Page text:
Do Community College Presidents Support Free Community College?
Posted By Eliana Osborn on April 26, 2016 at 9:31 am
It isn’t just presidential candidates talking about free college these days; state after state, plans are being devised to make two-year colleges cost-free for students. Some are billed as scholarships, like Chicago Star for graduates from the area’s public high schools. Others are more like Utah’s new College Promise program to make up the difference between other aid and actual cost.
Inside Higher Ed surveyed community college presidents for a wide-ranging report, including questions about their schools becoming free. The pollsters over at Gallup involved 220 of these leaders; with 1,655 community colleges nationwide, a substantive sample participated in the research. Three areas of focus in questions give an overview of where schools are today and what they see for the future.
Free community college
Thirty-seven percent say they strongly support the idea of free community college, with another 25% mostly agreeing with the concept. Sixty-one percent agree or strongly agree with Democratic proposals for either free or debt-free two-year schooling.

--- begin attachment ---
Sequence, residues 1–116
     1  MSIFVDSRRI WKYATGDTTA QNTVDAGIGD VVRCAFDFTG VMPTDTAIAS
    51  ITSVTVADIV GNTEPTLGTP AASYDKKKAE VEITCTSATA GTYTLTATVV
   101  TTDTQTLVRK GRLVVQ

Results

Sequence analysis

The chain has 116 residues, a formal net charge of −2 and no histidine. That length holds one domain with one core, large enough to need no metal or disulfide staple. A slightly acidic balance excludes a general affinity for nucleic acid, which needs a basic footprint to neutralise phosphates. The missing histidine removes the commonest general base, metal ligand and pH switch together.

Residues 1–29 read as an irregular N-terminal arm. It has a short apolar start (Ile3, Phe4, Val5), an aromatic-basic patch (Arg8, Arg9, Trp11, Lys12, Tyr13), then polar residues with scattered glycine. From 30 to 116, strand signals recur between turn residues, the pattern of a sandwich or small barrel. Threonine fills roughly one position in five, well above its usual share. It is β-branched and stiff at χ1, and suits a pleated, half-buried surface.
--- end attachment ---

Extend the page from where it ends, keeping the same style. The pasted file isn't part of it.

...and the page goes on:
Nearly all agree that the national debate over free community college proposals has been a boon, drawing attention to the financial realities of schools and students. Just 8% disagree or strongly disagree.
When predicting the likelihood of these changes coming about in the next five years, views were more mixed. Presidents were asked if at least one-third of states would adopt free community college on this timeline; 35% agree, 37% disagree, and the final 29% are on the fence.
58% say enrollment has declined on their campuses, primarily because of improved employment numbers. Many believe it is an inevitable flux from many years of steady increases in students. Additionally, about half of college presidents note there is more competition with different education models than in the past, whether that be online academies or competency-based programs.
Forty-two percent of community college presidents want a national goal graduation rate over 50% and just 5% think the aim should be over 75%. In fact, on average, schools hope to achieve a 47% graduation rate for themselves, and they think 41% is a reasonable national goal. These numbers may be lower than the general public would hope, but they would require growth from current rates.
The survey explains, “Although individual estimates of community college graduation rates vary, some suggest that less than 30 percent of those who enter community college will graduate with an associate degree within two to four years.”